The Persian people are part of the Iranian peoples who speak the modern Persian language and closely akin Iranian dialects and languages. The origin of the ethnic Iranian/Persian peoples are traced to the Ancient Iranian peoples, who were part of the ancient Indo-Iranians and themselves part of...

 Sufi poet
Poet
A poet is a person who writes poetry. A poet's work can be literal, meaning that his work is derived from a specific event, or metaphorical, meaning that his work can take on many meanings and forms. Poets have existed since antiquity, in nearly all languages, and have produced works that vary...

 Sanai
Sanai
Hakim Abul-Majd Majdūd ibn Ādam Sanā'ī Ghaznavi was a Afghan Sufi poet who lived in Ghazna, in what is now Afghanistan between the 11th century and the 12th century. Some people spell his name as Sanayee. He died around 1131.-Life:...

 of Ghazni
Ghazni
For the Province of Ghazni see Ghazni ProvinceGhazni is a city in central-east Afghanistan with a population of about 141,000 people...

 (currently, Afghanistan
Afghanistan
Afghanistan , officially the Islamic Republic of Afghanistan, is a landlocked country located in the centre of Asia, forming South Asia, Central Asia and the Middle East. With a population of about 29 million, it has an area of , making it the 42nd most populous and 41st largest nation in the world...

) presented this teaching story in his The Walled Garden of Truth.

Rumi, the 13th Century Persian poet and teacher of Sufism, included it in his Masnavi
Masnavi
The Masnavi, Masnavi-I Ma'navi or Mesnevi , also written Mathnawi, Ma'navi, or Mathnavi, is an extensive poem written in Persian by Jalal al-Din Muhammad Rumi, the celebrated Persian Sufi saint and poet. It is one of the best known and most influential works of both Sufism and Persian literature...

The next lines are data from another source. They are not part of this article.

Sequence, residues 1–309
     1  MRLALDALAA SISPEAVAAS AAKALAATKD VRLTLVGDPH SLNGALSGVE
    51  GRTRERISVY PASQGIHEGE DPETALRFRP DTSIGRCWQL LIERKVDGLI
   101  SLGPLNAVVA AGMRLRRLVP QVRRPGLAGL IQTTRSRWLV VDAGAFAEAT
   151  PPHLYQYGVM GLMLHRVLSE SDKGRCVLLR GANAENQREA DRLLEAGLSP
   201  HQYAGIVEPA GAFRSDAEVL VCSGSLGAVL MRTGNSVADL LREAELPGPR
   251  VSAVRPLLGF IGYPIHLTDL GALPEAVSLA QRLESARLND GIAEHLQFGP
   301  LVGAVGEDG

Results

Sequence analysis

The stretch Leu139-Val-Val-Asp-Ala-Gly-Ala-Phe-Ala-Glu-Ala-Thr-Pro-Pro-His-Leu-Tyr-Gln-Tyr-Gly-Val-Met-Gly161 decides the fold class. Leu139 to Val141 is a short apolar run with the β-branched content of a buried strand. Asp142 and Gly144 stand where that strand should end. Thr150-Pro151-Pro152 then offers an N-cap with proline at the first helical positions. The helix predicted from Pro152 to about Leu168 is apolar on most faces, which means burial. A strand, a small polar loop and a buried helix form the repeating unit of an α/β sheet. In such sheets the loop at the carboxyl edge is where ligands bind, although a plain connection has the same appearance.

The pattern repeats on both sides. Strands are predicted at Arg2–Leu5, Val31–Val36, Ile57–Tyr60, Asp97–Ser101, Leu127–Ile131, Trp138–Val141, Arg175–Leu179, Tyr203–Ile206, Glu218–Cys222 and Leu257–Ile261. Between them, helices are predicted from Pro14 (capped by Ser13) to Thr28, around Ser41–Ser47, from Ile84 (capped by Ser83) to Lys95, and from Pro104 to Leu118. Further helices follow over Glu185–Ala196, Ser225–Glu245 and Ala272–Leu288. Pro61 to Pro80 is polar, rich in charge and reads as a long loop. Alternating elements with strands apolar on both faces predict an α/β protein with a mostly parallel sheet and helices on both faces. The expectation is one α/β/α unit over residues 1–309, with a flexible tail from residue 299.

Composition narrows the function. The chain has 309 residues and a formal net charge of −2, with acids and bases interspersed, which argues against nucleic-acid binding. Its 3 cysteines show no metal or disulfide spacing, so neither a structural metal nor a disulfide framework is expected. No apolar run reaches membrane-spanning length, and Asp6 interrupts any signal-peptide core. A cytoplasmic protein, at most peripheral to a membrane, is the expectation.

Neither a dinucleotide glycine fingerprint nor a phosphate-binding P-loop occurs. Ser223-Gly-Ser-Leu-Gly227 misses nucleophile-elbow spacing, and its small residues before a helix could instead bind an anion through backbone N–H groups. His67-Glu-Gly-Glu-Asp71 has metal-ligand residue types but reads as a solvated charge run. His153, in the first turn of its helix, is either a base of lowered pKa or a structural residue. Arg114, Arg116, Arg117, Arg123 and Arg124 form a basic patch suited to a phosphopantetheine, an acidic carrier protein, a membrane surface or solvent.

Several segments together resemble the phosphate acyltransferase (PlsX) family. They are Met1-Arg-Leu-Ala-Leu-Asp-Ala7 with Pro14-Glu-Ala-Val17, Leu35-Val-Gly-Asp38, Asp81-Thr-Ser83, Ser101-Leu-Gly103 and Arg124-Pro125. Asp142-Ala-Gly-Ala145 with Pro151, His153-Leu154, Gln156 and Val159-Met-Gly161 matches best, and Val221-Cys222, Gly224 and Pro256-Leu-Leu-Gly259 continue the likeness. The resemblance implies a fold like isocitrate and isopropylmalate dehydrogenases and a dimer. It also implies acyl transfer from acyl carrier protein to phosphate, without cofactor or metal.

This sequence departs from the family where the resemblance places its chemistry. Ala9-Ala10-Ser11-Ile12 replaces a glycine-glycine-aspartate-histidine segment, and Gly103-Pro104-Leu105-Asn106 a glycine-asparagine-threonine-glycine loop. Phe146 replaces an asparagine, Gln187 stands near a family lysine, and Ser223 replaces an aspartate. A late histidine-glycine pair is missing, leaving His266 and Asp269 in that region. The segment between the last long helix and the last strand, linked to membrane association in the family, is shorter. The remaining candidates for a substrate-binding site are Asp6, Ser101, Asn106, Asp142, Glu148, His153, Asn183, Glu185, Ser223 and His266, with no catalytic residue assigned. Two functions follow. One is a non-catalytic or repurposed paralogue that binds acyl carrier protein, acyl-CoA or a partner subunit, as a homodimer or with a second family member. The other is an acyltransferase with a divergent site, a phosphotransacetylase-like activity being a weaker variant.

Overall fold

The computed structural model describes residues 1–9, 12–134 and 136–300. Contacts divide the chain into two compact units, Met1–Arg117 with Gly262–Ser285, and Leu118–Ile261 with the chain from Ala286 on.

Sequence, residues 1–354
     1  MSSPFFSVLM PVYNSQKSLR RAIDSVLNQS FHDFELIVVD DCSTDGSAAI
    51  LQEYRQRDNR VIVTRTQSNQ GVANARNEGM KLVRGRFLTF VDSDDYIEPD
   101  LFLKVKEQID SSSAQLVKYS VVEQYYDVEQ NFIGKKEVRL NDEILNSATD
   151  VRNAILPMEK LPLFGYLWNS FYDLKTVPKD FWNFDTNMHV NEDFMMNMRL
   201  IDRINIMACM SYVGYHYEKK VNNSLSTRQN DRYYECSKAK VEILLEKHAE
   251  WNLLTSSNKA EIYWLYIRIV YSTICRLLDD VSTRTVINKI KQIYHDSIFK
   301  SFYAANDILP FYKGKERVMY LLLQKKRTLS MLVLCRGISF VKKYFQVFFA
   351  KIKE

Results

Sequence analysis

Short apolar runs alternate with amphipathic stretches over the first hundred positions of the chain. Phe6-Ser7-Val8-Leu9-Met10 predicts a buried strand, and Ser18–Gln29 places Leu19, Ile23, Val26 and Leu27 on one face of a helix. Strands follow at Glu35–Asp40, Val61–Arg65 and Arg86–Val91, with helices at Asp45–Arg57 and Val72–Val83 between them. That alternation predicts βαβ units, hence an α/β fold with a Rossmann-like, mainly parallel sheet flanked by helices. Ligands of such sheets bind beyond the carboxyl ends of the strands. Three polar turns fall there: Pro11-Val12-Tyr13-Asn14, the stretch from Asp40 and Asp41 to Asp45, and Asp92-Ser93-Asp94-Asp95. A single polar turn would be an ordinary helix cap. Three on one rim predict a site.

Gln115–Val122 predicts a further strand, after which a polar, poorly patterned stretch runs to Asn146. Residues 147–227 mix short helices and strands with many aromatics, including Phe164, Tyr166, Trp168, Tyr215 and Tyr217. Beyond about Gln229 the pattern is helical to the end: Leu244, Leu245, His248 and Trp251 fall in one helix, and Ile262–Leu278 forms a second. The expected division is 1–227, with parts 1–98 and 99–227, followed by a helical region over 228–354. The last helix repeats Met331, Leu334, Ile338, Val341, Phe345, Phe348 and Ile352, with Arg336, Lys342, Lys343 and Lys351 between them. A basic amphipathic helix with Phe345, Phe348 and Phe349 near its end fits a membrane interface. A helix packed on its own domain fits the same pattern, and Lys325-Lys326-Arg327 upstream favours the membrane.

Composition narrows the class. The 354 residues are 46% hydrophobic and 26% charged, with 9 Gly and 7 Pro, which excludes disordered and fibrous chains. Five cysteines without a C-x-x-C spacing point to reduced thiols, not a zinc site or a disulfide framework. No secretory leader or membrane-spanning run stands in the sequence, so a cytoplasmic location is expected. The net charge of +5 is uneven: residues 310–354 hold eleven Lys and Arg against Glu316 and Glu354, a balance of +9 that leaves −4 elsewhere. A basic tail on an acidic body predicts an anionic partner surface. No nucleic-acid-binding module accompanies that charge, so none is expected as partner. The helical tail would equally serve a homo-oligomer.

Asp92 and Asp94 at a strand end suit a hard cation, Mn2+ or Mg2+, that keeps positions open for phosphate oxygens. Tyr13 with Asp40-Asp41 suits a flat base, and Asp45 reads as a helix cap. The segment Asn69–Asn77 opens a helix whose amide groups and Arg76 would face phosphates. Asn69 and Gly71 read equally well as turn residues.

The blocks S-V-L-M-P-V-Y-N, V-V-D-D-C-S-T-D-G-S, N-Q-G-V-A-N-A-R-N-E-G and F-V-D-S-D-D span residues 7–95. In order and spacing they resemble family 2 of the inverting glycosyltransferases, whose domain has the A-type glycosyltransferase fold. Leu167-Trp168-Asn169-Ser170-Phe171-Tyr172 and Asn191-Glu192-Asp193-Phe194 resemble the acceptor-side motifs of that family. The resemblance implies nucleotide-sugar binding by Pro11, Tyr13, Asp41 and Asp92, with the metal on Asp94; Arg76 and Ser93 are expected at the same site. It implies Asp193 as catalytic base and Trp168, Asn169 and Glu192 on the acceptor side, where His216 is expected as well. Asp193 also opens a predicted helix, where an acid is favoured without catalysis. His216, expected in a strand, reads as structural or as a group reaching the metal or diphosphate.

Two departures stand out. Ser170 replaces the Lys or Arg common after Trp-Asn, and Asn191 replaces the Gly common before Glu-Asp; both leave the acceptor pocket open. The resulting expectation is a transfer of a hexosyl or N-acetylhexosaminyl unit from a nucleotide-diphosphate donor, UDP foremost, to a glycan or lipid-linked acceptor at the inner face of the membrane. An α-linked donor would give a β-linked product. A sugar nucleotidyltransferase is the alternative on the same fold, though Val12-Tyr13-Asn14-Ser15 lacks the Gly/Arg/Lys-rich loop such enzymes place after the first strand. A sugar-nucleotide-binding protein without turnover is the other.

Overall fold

. In his retelling, "The Elephant in the Dark", some Hindus bring an elephant to be exhibited in a dark room. A number of men touch and feel the elephant in the dark and, depending upon where they touch it, they believe the elephant to be like a water spout (trunk), a fan (ear), a pillar (leg) and a throne (back). Rumi uses this story as an example of the limits of individual perception:
The sensual eye is just like the palm of the hand. The palm has not the means of covering the whole of the beast.


Rumi does not present a resolution to the conflict in his version, but states:
The eye of the Sea is one thing and the foam another. Let the foam go, and gaze with the eye of the Sea. Day and night foam-flecks are flung from the sea: oh amazing! You behold the foam but not the Sea. We are like boats dashing together; our eyes are darkened, yet we are in clear water.


Rumi ends his poem by stating "If each had a candle and they went in together the differences would disappear."

Hindu


Ramakrishna Paramahamsa used this parable to discourage dogmatism:

John Godfrey Saxe


One of the most famous versions of the 19th century was the poem "The Blind Men and the Elephant" by John Godfrey Saxe
John Godfrey Saxe
John Godfrey Saxe I was an American poet perhaps best known for his re-telling of the Indian parable "The Blindmen and the Elephant", which introduced the story to a Western audience.-Biography:...

 (1816–1887).

The poem begins:
It was six men of Indostan

To learning much inclined,

Who went to see the Elephant

(Though all of them were blind),

That each by observation

Might satisfy his mind


They conclude that the elephant is like a wall, snake, spear, tree, fan or rope, depending upon where they touch. They have a heated debate that does not come to physical violence. But in Saxe's version, the conflict is never resolved.
Moral:

So oft in theologic wars,

The disputants, I ween,

Rail on in utter ignorance

Of what each other mean,

And prate about an Elephant

Not one of them has been or seen

Modern treatments


The story is seen as a metaphor
Metaphor
A metaphor is a literary figure of speech that uses an image, story or tangible thing to represent a less tangible thing or some intangible quality or idea; e.g., "Her eyes were glistening jewels." Metaphor may also be used for any rhetorical figures of speech that achieve their effects via...

 in many disciplines, being pressed into service as an analogy
Analogy